Of course I designed XO to automatically and correctly sort your scenery. But before I explain more, I would like to stress something that people tend to forgive:
XO is also made to make manual changes easy!
Any change you can make with a text editor in the scenery_packs.ini, you can also be made in XO. And much easier: instead of copying and inserting without overview, you just drag and drop (or even faster: use the context menu with a right mouse click):
You can make extra subfolders in any folder to create the order and grouping you like. Only adding new folders on the 1st level is not possible.
So why is not everything recognized correctly?
XO uses the following methods when scanning:
- check the presence of certain folders and files
- read the content of several files, for instance APT.dat and DSF files
- use of pattern recognition on the name of a package
- use of internal logic and internal rules to detect certain packages
Just to be clear: XO has rules for some sceneries, but XO does not have a list of all available packages. It would be an impossible task to create and maintain such a list (apart from the fact that a lot is payware).
However, the methods described are often enough to detect the most common types of packages and even detect which packages belong together. Detecting the ‘technical’ content is also not a problem.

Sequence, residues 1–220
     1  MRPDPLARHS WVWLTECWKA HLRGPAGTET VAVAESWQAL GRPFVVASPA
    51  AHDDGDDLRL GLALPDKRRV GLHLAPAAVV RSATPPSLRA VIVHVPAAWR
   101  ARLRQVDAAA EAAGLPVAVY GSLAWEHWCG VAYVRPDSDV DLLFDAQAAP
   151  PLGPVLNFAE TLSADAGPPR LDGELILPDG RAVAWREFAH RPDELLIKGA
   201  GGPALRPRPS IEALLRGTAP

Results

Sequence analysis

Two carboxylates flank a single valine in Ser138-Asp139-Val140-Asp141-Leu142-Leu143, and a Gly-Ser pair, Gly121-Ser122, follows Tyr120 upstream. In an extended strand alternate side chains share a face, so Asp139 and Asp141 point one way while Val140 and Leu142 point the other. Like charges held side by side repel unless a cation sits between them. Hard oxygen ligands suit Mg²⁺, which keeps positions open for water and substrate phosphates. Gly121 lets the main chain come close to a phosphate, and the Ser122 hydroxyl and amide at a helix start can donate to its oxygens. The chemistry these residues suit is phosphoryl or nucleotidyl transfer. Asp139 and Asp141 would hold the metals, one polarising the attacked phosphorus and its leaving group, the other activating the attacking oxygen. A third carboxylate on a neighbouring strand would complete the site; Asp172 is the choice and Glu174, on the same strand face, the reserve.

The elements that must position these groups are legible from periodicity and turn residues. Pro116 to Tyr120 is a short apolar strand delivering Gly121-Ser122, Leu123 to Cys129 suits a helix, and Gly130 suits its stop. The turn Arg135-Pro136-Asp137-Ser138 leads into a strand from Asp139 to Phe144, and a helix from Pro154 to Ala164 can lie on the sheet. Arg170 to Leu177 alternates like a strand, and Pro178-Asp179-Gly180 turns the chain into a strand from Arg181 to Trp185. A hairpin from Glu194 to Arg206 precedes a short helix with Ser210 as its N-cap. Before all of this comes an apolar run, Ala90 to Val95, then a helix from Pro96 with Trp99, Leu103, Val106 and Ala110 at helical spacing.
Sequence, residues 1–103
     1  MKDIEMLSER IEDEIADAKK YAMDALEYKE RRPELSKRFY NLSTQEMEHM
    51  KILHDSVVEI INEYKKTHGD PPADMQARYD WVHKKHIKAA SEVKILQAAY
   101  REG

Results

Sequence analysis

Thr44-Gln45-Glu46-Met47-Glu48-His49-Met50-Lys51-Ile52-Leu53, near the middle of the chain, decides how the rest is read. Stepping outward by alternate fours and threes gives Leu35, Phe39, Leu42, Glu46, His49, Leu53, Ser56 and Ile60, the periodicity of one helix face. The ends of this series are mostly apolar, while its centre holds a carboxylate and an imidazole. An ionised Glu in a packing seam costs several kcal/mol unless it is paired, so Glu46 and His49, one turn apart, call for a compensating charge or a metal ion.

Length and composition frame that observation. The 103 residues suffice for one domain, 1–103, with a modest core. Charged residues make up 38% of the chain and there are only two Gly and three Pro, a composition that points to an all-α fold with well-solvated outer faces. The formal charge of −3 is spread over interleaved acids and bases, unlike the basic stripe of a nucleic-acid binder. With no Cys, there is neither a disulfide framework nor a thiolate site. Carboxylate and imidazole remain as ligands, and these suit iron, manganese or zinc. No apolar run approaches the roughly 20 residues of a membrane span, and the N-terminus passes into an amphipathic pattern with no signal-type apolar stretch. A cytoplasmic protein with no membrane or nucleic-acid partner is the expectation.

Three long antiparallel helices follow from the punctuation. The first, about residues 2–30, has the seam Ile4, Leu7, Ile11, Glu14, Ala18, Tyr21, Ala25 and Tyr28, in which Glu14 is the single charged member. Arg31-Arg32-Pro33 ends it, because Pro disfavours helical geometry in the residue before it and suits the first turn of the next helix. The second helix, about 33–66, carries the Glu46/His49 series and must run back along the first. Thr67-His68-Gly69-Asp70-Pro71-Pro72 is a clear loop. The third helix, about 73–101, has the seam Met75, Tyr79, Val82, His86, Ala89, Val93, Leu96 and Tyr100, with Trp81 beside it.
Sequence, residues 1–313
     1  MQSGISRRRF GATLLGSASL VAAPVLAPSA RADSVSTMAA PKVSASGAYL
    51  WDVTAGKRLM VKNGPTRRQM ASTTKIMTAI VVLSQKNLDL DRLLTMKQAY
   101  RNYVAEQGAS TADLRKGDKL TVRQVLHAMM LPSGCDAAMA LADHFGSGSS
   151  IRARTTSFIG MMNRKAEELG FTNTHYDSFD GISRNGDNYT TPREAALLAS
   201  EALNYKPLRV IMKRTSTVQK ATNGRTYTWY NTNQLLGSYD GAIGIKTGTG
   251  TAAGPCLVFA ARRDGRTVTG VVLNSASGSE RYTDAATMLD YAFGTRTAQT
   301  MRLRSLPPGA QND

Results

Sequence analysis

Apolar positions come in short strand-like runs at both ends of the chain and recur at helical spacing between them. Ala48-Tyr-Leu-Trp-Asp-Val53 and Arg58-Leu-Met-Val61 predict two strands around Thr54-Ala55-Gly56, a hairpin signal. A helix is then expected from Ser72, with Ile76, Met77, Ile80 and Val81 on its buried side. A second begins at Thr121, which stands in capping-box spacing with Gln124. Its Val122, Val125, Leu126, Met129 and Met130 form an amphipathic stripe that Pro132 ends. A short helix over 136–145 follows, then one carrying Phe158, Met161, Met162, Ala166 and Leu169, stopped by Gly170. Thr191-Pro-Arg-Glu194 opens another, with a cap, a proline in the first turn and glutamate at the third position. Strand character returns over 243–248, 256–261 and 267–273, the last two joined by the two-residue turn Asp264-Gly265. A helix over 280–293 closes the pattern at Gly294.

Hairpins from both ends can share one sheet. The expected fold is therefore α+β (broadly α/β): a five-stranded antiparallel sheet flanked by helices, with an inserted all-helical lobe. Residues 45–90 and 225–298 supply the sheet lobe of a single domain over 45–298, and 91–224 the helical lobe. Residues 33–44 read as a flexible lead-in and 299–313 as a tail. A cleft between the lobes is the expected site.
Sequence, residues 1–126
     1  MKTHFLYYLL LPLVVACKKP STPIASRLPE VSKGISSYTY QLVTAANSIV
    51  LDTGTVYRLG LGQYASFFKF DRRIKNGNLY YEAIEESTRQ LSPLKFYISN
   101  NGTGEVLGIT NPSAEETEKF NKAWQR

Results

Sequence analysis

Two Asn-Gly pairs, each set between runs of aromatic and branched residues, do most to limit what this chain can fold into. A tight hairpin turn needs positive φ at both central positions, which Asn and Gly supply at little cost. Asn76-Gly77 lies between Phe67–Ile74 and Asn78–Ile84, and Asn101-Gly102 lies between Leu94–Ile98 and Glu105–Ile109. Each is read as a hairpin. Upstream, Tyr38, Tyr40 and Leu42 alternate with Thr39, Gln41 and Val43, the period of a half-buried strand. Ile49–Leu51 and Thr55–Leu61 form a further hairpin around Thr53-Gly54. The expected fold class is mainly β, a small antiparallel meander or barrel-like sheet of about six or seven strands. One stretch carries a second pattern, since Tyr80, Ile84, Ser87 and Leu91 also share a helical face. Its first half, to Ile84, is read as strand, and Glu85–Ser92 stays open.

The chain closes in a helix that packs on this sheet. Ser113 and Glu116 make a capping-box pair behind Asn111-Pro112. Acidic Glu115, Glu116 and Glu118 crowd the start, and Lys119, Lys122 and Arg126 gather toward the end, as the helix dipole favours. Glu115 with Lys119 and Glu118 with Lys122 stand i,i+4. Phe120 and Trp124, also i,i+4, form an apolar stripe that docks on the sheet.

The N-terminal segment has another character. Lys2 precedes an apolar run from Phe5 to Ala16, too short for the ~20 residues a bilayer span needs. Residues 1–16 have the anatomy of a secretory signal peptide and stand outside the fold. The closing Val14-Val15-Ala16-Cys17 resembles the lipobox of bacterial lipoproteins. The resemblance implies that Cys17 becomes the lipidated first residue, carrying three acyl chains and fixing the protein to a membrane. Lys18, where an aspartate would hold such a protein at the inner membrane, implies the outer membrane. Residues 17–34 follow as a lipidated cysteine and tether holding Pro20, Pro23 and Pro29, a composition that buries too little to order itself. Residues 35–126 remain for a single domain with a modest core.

The problem is that X-Plane scenery does not contain any information with regard to layering. Furthermore the whole X-Plane scenery system is very flexible. There are almost no strict rules and developers can mix and name stuff as they like. The downside is that it makes managing scenery complex: for us as users, but also for XO.
Purely based on the ‘technical’ content it is not always easy to figure out what place the developer of a package thinks it should have in the scenery_packs.ini. And you can only hope that the developer has thought of other scenery packages to prevent conflicts.
If a clear classification is not possible, XO will use the ‘technical’ content as a last resort to classify and choose a subfolder. While this sometimes may look confusing, it usually works fine -> think of the the whole scenery layering as a 3D puzzle where more than one solution can work. The only thing important is the layering for a certain geographical location. Non overlapping scenery is not relevant.
And remember: you can always manually move a package to a better location!
What order does XO follow?
The order in XO is the order that is widely accepted. See for instance here:
Libraries are usually placed in the middle (also by XO), but this is not critical. This location does have the advantage that they serve as a clear divider between airports/regional/global scenery and the overlays, orthophotos and mesh.